Getting a big income tax refund once meant party time. That is changing.
As the 2005 filing season ends, pollsters are reporting that growing numbers of taxpayers plan to shun big spending sprees this year and use their approximately $2,200 per household average refund checks more soberly.
Martha Smith of Kansas City is among them.
The 40-year-old teacher's aide and parent of two has specific plans for her sliver of the $158.2 billion the U.S. Treasury has returned to taxpayers since January.
"I'm going to pay bills, take a couple of classes and have some dental work done," Smith said. "For me, that's major."
At least half the nation's taxpayers getting refunds this year plan on using the money to pay off credit cards and other bills, according to surveys. About one in three said they intend to save or invest their refund. About one in 10 said they plan to splurge on something.
"Five years ago, everybody bought furniture and other big-ticket items the minute they got their refund checks," said Kevin Taylor, a financial planner with H&R Block Financial Advisors in Overland Park, Kan. "Now they're concerned and spending more slowly."
Financial advisers generally agree on the most effective ways consumers can use refunds in uncertain times. Their top two recommendations: paying off debts or adding to an emergency fund.
Their next three suggestions generally include putting the money in an IRA or other retirement fund, saving for college or adding to an investment account.
Savers can be creative with the money. Taylor said he recommends a two-step plan to disciplined money managers: Put, say, a $2,000 refund in a savings account, then boost the coming year's 401(k) contributions by that amount, which will reduce taxable income for that year.
"You get a nice tax break next time around," he said.
Savers also need to be realistic about their spending habits to get the most benefit from refunds, said Randy Gerard, financial planning officer at the Bank of Blue Valley in Overland Park.
"I generally recommend building up enough savings for three to six months of living expenses before a look at paying off credit cards," Gerard said. "Otherwise, if your credit-card balance goes back up, you're no better off than before."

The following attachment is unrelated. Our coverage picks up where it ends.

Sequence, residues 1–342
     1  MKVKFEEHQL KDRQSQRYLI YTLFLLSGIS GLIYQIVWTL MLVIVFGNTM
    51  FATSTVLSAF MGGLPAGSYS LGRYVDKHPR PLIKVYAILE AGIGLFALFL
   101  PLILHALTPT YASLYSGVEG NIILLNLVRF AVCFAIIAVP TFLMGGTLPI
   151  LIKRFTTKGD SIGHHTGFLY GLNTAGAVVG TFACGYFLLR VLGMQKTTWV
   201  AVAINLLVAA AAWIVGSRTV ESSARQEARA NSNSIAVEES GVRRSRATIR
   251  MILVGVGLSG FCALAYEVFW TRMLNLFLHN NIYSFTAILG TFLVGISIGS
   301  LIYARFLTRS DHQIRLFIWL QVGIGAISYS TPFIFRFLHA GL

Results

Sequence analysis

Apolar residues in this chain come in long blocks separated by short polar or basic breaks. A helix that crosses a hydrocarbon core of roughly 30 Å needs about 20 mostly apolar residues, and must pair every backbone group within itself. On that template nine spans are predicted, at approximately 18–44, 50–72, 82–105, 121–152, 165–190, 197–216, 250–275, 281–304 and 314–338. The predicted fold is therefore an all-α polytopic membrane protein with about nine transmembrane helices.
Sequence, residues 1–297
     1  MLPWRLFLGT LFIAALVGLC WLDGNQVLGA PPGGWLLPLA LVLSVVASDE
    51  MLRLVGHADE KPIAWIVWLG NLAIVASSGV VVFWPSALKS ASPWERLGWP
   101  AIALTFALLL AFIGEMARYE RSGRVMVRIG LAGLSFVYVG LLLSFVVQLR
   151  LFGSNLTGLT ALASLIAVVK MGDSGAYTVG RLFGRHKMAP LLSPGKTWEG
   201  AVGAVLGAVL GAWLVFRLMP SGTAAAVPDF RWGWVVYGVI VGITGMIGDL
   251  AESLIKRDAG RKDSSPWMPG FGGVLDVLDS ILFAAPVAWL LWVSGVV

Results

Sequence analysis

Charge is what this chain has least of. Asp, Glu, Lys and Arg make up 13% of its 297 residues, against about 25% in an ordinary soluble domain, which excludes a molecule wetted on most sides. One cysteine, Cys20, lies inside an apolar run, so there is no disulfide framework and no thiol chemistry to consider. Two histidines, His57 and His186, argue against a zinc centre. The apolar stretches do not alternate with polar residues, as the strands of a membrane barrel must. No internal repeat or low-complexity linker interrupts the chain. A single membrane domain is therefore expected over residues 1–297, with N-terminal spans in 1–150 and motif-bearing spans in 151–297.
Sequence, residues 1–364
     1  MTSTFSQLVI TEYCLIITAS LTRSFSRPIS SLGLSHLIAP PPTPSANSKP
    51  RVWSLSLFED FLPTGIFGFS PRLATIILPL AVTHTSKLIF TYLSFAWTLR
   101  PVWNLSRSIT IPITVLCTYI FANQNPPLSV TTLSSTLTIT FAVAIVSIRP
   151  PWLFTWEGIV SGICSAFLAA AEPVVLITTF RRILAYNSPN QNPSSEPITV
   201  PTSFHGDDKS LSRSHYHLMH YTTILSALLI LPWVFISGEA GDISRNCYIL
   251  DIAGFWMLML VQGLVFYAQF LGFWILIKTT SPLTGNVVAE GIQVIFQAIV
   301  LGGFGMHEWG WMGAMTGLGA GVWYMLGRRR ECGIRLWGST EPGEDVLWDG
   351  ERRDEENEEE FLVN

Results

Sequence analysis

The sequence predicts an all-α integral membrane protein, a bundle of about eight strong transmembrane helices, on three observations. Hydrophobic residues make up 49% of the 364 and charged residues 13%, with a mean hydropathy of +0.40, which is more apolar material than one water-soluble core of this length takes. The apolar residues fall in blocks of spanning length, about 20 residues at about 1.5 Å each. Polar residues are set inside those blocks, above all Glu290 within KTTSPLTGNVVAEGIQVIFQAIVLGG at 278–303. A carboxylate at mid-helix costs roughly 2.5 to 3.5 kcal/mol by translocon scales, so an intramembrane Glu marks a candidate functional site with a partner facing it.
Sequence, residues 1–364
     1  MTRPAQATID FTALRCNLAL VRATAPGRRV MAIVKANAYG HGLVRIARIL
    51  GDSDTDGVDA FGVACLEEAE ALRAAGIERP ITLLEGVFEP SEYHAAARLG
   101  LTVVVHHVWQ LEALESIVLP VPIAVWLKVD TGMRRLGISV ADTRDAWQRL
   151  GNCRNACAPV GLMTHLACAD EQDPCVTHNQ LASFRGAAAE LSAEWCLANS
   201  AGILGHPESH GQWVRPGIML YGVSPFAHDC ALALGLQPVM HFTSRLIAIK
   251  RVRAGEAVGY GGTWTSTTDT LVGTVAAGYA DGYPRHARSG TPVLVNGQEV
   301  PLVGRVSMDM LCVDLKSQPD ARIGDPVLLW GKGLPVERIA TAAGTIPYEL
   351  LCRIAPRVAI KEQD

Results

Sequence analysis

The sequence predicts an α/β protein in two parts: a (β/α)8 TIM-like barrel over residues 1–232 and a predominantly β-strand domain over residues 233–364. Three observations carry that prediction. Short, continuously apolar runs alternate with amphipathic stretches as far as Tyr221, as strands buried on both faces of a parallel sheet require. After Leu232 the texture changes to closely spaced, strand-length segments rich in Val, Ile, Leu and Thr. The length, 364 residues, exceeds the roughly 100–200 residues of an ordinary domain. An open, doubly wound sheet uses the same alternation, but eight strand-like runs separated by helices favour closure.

Advisers often recommend that taxpayers who get big refunds adjust the amount of taxes withheld from each paycheck and swap next year's big refund for more money in each paycheck throughout the year.
That's a good theory, but run a reality check on your spending habits first, to make sure you'll use the extra money wisely, Gerard recommends.
"Our society is so geared to consumption that it is easy to fritter it away," he said.
Monthly snapshots by the Cambridge Consumer Credit Index of of America's borrowing habits show that consumers generally have become increasingly cautious during the last nine months, said Allen Grommet, Cambridge's senior economist.
"They really turned conservative in April," Grommet said. "People in general are planning to use less credit. We don't know why yet, but I have a suspicion that people are feeling higher gasoline prices."
Many analysts say they simply don't yet know how much of an economic boost normally inspired by income tax refunds might be muffled by rising gasoline prices.
Rising gas prices hit families with lower incomes harder than those with higher incomes, said Keri Spanbauer, an analyst with Thrivent Investment Services in Appleton, Wis. Those families presumably would need to use larger shares of their refunds to pay bills rather than make new purchases.